Ministers and spokespeople after 2016 election

The expanded Legislative Assembly was always going to give us eight new members and then Simon Corbell retired from the Assembly. Chris Bourke and Jayson Hinder were not re-elected – thank you to both of them for their support of the Conservation Council with Chris Bourke attending our events over the years and Jayson Hinder enthusiastically bidding at our 2016 World Environment Day auction.

Eleven new members will bring new enthusiasm to the Assembly and we look forward to working with all of them especially in reinvigorating the committees to address some important issues.

The Conservation Council wrote to all leaders of the Assembly parties immediately after the election to ask them to support a select committee inquiry into developing a plan with the community to get to zero net greenhouse gas emissions. Given that all parties supported sero net emissions during the election now is the time to start the discussion to actually achieve it. New members starting their Assembly career with a positive inquiry might also be good for the Assembly.

Several Ministers will have more impact on the Conservation Council’s work on the environment and we hope to impact on their work too.

Mick Gentleman is now Minister for the Environment and Heritage as well as Minister for Planning and Land Development (including major projects) and Minister for Urban Renewal. The balancing of these roles will be important as the environment will probably suffer when development and major projects are in the frame. And he still has call-in powers to enable proposals to go ahead.

Meegan Fitzharris’s role as Minister for Transport and City Services gives her responsibility for following up on cat containment; she will have all or most of the responsibility for municipal waste and will have to implement the weak target-free legislation she took through the Assembly before the election; and she has transport where her task will be to integrate light rail, buses, walking and cycling across the ACT. She also has roads.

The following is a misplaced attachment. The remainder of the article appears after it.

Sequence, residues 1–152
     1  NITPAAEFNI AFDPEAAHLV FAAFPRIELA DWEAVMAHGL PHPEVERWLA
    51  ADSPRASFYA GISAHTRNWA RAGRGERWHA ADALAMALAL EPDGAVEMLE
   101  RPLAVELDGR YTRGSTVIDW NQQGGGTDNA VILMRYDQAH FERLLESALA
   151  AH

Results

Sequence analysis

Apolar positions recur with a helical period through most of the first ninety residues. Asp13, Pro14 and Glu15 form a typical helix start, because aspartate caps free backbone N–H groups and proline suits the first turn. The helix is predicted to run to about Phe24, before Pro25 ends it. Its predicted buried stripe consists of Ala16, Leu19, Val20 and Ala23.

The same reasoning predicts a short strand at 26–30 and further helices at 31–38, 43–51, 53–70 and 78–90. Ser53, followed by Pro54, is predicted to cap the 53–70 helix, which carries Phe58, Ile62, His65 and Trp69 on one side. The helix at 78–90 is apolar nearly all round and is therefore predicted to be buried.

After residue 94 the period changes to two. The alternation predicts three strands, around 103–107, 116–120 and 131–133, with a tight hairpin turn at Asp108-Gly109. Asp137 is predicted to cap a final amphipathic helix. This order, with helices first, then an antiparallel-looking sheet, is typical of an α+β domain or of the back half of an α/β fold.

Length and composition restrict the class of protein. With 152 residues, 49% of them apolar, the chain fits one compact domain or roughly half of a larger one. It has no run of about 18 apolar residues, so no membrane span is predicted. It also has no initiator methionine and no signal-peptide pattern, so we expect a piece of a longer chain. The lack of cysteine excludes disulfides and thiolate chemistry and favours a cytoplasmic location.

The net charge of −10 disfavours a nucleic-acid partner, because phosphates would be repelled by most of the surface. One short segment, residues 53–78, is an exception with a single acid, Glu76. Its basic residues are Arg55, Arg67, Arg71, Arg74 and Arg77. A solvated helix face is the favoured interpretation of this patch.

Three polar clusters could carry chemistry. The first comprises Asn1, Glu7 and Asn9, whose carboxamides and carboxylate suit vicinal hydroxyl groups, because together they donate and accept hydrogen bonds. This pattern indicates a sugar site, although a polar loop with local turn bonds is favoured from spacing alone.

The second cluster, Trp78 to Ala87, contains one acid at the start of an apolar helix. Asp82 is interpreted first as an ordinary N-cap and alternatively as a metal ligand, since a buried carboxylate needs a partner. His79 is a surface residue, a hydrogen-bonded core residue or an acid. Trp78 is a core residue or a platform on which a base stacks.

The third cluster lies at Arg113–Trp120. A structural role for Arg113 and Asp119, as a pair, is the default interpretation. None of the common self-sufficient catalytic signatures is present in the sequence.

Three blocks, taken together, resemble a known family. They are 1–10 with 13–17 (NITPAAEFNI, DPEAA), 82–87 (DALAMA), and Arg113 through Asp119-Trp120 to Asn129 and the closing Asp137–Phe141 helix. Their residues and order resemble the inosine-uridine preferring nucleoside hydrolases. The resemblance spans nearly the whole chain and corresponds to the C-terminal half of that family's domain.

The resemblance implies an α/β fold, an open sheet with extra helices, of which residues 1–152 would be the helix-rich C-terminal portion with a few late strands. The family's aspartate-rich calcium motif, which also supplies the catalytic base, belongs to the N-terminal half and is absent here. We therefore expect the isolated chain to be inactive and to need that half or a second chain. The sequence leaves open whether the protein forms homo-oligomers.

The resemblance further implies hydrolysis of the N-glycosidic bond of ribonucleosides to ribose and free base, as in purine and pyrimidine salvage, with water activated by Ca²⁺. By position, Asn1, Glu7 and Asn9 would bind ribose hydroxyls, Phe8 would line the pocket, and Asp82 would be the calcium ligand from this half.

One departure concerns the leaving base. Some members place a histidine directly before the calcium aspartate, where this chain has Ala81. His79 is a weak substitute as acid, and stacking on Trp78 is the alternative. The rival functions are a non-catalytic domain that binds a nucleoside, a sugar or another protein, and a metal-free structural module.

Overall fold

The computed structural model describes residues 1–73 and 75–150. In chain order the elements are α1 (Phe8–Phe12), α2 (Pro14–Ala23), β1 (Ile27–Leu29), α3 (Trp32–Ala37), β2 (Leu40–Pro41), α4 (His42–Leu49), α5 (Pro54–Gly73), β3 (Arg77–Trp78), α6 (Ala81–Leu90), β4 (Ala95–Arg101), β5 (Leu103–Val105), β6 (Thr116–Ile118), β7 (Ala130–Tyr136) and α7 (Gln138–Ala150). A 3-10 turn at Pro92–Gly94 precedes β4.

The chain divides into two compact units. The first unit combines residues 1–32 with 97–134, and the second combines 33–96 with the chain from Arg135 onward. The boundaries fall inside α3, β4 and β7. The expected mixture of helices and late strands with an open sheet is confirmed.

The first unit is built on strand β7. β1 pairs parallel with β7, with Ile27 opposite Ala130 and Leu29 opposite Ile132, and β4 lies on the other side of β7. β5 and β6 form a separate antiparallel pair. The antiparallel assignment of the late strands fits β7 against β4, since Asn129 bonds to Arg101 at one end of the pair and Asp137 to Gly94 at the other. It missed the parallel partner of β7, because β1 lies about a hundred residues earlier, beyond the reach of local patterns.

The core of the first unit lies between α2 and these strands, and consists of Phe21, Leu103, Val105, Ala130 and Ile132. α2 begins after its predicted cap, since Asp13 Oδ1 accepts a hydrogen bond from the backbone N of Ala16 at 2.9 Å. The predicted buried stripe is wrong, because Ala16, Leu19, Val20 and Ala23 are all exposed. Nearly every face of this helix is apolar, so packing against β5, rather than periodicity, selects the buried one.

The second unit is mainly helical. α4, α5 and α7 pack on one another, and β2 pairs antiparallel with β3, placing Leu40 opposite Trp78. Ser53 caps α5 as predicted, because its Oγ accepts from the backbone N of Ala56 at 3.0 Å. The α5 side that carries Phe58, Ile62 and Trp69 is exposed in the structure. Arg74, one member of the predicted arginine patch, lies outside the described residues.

Yvette Berry’s role as Minister for Housing and Suburban Development might will mean overseeing the rump of the Land Development Agency (LDA) to convert habitat to suburban development. The government’s splitting of city development into urban and suburban parts could mean that it will be harder to stop Canberra’s sprawl as there won’t be a balancing mechanism with one agency’s main role to develop at the edges.

The appointment of Shane Rattenbury MLA as Minister for Climate Change and Sustainability is welcome. This will help to maintain the profile of climate change which was previously carried by the good work of Simon Corbell in the 8th Assembly.

The role will have more to do than maintain support for renewables. Previously Minister Corbell did all the hard lifting to get us to secure delivery of our 100% renewable energy target by 2020. The contracts are in place. All parties support them. Now we need a process to deliver a post-2020 plan to take us zero net emissions as soon as possible while maintaining all-party support. There is nothing in the Parliamentary Agreement to deliver this target so it is up to Minister Rattenbury to take leadership.

It is worth noting that in May 2016 the ACT Greens supported the target of zero net emissions by 2050 and then during the election proposed a target of 2030 for zero net emissions. At the same time they did not put forward any specific costed proposals to deliver additional greenhouse gas reduction.

It is unclear what the term Sustainability will mean in terms of a Minister for Climate Change and Sustainability and the detail of the Chief Minister’s Administrative Arrangements describes it as “Government sustainability”.

Andrew Barr remains important as Chief Minister and it was unusual but good to hear him recognise natural spaces in the Assembly after his election as Chief Minister:

“I know we all love Canberra. We love our inclusive and welcoming community and natural spaces and bushlands. Together, we want to keep the city we love and build a positive new future.”

The Liberals have elevated former environment spokesperson Nicole Lawder to Deputy Leader and while she will not have direct responsibility for environment matters she has a good understanding of the need to consult when issues arise and we expect she will provide good advice to Liberal newcomer Elizabeth Lee who will be spokesperson on environment. We have also previously had good discussions with Alistair Coe and note his genuine interest in transport issues in the ACT even if we do disagree on some proposals.

The Conservation Council is seeking meetings with all relevant Ministers and spokespeople to discuss their portfolio issues and to establish working relationships for the advancement of environmental protection in the ACT and region.

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